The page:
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Girls Track and Field: Race walker can twirl baton, too

When she first tried the event, Blayr Corazzini was like many who knew little or nothing about the 1,500-meter race walk.

Walking? Anyone who can walk can race walk, right?

Er, not really.

It was three years ago, as a freshman, when Corazzini was asked by Mike Gunther, the Greenport/Southold girls track and field coach, if she wanted to give the race walk a try. Corazzini jumped at the chance.

“I wasn’t really good at anything else,” she said. “I thought I knew stuff about it, but I actually didn’t. I thought you just walked fast. I didn’t realize that there was a whole bunch of form and everything that went into it.”

Race walking is one of the most demanding events in track. It’s anything but a leisurely stroll around the track.

“It’s emotionally stressful because you know you can just make your body go faster by bending your knees a little,” Gunther said. “You can break form and go a lot faster.”

But that’s illegal.

Race walking involves endurance and technique, with walkers required to maintain contact with the ground at all times. It requires the lead leg to be straightened as the foot makes contact with the ground. It must remain straightened until the leg passes under the body. Any violations may lead to disqualification.

To those who don’t know how difficult the walk is, Gunther says: “Give it a shot. See what happens.”

Gunther said he knew the race walk was a good fit for Corazzini “because she was just driving herself 100 percent … Blayr gives everything she has, plus a little more, and I know she’s going to succeed. She’s got another gear.”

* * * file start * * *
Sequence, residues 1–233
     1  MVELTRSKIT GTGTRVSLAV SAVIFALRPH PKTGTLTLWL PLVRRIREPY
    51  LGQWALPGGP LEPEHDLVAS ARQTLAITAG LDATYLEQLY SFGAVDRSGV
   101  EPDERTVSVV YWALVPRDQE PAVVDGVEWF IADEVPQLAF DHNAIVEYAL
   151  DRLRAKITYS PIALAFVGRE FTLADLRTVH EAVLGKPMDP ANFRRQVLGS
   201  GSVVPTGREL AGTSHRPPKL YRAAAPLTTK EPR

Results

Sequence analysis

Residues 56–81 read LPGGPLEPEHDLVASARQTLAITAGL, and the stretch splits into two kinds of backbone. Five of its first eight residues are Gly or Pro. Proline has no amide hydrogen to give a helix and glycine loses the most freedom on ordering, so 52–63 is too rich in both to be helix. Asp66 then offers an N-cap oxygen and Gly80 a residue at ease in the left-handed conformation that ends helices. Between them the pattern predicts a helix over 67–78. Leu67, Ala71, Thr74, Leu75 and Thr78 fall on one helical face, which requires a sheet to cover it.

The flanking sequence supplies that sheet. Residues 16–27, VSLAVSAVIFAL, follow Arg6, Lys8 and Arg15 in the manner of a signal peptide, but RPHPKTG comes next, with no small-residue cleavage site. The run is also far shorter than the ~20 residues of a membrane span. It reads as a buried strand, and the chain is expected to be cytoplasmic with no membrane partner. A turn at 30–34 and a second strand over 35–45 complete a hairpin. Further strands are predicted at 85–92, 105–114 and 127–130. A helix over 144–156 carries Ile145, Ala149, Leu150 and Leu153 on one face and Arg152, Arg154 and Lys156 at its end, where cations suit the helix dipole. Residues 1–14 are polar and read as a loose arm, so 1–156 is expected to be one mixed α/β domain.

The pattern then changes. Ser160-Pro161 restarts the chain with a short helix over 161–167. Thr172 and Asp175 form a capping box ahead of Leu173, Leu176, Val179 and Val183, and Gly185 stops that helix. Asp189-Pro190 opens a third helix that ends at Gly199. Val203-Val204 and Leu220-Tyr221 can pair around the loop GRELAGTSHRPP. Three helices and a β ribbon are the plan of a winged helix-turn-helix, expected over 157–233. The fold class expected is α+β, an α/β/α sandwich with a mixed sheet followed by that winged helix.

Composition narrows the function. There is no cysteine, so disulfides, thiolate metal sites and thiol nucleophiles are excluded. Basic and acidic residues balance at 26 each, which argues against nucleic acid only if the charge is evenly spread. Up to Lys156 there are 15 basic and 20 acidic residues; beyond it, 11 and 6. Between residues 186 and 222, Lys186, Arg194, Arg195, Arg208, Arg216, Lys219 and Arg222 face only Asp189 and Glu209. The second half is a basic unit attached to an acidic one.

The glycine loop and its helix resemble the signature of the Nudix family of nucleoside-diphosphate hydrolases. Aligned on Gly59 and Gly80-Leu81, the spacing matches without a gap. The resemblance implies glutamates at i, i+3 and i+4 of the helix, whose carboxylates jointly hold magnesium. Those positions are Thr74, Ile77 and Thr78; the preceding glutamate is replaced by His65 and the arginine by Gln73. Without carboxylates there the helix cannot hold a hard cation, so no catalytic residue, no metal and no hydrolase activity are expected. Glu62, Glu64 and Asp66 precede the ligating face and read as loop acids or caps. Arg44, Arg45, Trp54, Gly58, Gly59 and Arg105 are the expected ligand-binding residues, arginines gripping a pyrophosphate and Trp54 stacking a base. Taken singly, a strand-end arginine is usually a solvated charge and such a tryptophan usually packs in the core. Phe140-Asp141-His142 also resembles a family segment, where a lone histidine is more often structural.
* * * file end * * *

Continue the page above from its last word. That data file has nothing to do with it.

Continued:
As tough as it is, Corazzini has embraced the walk. “I love it,” the Greenport High School senior said.

In the Section XI small school team championships in February, Corazzini turned in a personal-best indoor time of 8 minutes, 53.10 seconds to finish sixth for Greenport’s only point in the meet. Her best outdoor time had been 9:30 until Saturday when she clocked 8:44.91 to break her own school record, finishing 14th in the Westhampton Beach Invitational.

Gunther said Corazzini is “one of the most determined race walkers I’ve ever seen. She’s one of the shortest ones, so she’s got one of the longest strides. If you look at the top 20 race walkers in the county, she’s there.”

Corazzini is more than a race walker, though. She knows how to twirl a baton pretty good, too. It’s something she has worked at since she was 3 years old.

That work has earned her a scholarship to the University of Tennessee, where she will twirl for the school’s marching band and perform at famed Neyland Stadium, which the school calls the fourth-largest college football stadium in the country with a capacity 102,038.

Corazzini said she was told she made the team after auditioning about a month ago.

Are there similarities between race walking and twirling?
“Not really,” Corazzini said. “It’s similar to dancing with a little bit of gymnastics in it and twirling a baton. There’s a lot of things that go into it.”

Just like race walking.

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Photo caption: Blayr Corazzini, a senior race walker for the Greenport/Southold girls track and field team, has received a scholarship to twirl a baton for the University of Tennessee’s marching band. (Credit: Bob Liepa)